PracticeAuditOn auditors liablity

On auditors liablity

Eight years ago one of our senior partners was engaged in a debate on auditor liability and became frustrated at the lack of acceptance of the seriousness of the case for change. His response was 'so what you are saying is that you have to see a body before you will do anything'.

Well we can all see a body now.

The capital markets cannot afford to have another major firm destroyed by the backwash of a corporate collapse. Neither can we risk a large firm withdrawing from the audit market because the rewards don’t justify the risks.

The insurance market took its own view a long time ago. For some time it has been impossible for the large firms to get adequate insurance cover.

I dread to think what the premium would be for full liability cover today if anyone were prepared to underwrite the risk.

Well before the Enron crisis we were declining to act or resigning audits because our risk assessment was too high. We are likely to be even more discriminating in future.

Some may consider that a good thing because if a company struggles to find reputable auditors it might be more inclined to deal with the issues that create the unacceptable risk.

Others would say it ‘s not in the public interest for auditors to walk away. What if a whole market sector was assessed as too risky?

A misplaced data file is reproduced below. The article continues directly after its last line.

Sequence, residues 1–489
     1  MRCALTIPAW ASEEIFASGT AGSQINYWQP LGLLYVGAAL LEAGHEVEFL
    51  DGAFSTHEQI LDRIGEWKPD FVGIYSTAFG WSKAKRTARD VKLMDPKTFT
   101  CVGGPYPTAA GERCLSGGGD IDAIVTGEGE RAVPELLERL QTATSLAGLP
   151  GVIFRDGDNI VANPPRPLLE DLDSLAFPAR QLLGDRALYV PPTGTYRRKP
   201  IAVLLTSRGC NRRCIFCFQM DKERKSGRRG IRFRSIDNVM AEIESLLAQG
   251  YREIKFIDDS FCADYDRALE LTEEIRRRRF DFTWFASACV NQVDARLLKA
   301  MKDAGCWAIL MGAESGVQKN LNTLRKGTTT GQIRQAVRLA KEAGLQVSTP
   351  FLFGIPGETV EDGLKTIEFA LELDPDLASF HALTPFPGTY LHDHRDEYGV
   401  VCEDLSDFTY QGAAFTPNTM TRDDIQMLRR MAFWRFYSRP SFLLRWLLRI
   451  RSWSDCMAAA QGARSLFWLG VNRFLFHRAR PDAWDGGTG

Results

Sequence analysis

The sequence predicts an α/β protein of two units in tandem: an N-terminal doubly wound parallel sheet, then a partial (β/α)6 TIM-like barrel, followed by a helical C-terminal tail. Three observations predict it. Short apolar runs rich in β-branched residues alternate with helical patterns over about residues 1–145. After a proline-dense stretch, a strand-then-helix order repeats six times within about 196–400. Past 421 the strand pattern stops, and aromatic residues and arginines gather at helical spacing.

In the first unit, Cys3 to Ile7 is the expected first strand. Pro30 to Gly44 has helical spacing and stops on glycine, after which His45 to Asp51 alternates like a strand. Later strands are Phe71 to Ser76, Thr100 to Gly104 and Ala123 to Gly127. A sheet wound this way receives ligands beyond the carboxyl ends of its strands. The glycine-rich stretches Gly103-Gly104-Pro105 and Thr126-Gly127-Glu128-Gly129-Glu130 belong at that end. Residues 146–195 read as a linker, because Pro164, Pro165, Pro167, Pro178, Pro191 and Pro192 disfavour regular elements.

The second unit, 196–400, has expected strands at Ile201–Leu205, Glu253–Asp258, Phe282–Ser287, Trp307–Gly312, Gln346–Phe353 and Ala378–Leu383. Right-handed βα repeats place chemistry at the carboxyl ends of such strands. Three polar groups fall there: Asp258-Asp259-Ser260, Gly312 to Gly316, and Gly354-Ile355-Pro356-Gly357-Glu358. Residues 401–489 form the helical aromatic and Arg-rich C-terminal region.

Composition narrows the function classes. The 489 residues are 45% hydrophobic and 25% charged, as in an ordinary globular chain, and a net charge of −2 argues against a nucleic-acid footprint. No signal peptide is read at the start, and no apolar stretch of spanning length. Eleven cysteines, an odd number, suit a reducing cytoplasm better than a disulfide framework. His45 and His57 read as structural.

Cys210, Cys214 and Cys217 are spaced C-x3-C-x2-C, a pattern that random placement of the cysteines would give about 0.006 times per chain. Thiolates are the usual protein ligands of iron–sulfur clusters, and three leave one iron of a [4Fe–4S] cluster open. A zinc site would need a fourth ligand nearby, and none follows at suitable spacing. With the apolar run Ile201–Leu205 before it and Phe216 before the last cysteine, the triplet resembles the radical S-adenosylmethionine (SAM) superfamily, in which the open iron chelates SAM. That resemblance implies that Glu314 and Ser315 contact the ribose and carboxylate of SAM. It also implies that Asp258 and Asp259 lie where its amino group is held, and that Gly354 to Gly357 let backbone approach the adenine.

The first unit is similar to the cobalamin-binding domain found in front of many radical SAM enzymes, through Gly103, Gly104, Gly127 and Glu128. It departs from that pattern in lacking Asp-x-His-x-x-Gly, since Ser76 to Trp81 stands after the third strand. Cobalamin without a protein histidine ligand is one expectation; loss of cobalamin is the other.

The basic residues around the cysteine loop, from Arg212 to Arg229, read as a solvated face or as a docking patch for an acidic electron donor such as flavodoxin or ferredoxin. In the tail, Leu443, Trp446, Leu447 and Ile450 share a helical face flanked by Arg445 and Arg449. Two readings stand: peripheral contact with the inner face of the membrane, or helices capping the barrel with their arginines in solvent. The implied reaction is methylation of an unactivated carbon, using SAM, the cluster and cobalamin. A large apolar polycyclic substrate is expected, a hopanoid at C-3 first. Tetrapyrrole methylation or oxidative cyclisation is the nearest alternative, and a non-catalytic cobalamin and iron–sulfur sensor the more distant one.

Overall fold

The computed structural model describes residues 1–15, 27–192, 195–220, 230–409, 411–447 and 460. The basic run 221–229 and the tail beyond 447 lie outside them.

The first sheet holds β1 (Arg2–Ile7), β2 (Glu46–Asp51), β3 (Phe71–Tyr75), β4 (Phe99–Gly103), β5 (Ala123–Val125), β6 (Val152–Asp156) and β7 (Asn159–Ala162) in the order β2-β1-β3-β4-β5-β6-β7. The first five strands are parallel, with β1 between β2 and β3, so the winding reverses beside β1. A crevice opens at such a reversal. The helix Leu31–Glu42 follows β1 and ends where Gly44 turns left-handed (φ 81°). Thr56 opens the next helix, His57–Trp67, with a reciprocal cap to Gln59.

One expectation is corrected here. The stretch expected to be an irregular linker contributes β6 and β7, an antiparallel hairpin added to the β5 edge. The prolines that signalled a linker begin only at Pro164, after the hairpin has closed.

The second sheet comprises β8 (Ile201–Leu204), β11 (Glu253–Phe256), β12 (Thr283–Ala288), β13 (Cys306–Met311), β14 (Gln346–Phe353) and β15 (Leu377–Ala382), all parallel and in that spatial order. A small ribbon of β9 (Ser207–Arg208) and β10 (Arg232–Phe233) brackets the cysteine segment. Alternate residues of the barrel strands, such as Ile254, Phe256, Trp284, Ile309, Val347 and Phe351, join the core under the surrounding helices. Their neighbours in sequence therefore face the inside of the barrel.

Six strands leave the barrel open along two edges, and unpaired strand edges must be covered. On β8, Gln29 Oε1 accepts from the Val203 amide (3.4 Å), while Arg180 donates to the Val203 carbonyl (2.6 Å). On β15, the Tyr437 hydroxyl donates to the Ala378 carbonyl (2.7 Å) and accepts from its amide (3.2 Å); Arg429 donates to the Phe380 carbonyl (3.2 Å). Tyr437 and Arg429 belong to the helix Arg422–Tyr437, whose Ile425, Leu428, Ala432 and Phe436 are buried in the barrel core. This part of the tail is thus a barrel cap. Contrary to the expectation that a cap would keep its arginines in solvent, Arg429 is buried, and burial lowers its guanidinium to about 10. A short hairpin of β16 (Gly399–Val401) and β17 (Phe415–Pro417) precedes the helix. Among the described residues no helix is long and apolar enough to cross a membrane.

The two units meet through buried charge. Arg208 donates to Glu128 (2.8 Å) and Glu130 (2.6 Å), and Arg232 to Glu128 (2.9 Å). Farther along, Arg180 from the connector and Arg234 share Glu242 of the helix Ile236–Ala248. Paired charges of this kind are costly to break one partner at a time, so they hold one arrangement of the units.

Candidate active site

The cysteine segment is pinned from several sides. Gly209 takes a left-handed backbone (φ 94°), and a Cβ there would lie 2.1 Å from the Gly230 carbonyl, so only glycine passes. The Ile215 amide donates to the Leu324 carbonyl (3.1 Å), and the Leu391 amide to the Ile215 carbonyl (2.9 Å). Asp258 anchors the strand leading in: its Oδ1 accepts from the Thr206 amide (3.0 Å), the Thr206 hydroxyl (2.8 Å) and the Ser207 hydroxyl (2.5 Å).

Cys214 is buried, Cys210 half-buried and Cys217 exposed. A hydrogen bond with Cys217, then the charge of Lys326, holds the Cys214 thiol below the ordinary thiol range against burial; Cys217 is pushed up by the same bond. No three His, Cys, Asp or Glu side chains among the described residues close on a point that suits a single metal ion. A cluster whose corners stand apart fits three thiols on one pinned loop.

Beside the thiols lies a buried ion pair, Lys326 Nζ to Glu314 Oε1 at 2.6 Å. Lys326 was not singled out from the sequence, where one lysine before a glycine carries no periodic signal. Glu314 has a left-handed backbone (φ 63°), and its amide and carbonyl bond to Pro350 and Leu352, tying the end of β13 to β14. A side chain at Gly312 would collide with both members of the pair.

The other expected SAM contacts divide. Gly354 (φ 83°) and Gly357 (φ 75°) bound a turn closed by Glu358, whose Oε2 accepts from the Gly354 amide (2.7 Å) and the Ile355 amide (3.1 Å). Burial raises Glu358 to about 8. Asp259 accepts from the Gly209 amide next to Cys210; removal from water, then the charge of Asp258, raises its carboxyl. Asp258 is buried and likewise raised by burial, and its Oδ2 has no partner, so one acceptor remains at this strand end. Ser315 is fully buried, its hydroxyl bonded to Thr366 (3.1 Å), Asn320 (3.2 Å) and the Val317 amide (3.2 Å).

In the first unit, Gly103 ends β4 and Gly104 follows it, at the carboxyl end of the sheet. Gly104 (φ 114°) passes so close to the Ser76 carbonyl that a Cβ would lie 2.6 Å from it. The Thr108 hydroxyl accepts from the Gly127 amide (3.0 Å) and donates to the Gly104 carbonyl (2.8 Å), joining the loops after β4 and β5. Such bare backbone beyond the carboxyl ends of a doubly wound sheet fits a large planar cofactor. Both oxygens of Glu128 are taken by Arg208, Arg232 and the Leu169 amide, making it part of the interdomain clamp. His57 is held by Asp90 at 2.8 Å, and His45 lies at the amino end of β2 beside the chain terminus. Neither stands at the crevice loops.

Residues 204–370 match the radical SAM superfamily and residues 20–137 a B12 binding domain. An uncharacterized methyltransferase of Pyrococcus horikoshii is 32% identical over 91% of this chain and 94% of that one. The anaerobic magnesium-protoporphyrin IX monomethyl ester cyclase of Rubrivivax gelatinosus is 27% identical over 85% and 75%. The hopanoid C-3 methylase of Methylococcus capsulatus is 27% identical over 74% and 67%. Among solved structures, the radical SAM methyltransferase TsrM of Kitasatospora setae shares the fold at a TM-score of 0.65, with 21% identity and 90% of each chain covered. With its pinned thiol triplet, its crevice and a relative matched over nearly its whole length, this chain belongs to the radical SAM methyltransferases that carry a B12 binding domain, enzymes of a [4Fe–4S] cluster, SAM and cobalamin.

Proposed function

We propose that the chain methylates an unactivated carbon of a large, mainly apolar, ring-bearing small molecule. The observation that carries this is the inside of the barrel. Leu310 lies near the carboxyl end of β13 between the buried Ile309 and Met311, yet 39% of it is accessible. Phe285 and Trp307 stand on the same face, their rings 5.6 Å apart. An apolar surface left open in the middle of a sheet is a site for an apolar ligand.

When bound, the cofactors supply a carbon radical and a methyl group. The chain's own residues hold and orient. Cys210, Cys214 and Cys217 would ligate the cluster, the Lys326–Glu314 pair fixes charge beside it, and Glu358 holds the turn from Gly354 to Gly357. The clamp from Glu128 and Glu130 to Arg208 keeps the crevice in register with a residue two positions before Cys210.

It may not be a hypothetical question much longer. One answer may be audit pricing. While the market may accept the justification for some level of increase, I cannot see it being prepared to bear huge increases in fees to cover the increased ‘insurance premium’.

The problem will not be solved without addressing auditor liability.

Only if auditors’ liability can be capped at a realistic level or proportionate liability applied will the balance be redressed.

It would also have the benefit that auditors would be more prepared to extend the scope of their reporting beyond the statutory financial statements, providing more useful information for investors.

And remember this changes nothing for anyone who has committed a criminal act. They will be just as liable for their transgressions as they should be. The real issue is whether it is fair that thousands of innocent people could lose their livelihoods as a result of an incompetent piece of work.

They may not be prepared to take the risk.

  • Rodger Hughes is head of assurance and business advisory services at PricewaterhouseCoopers.

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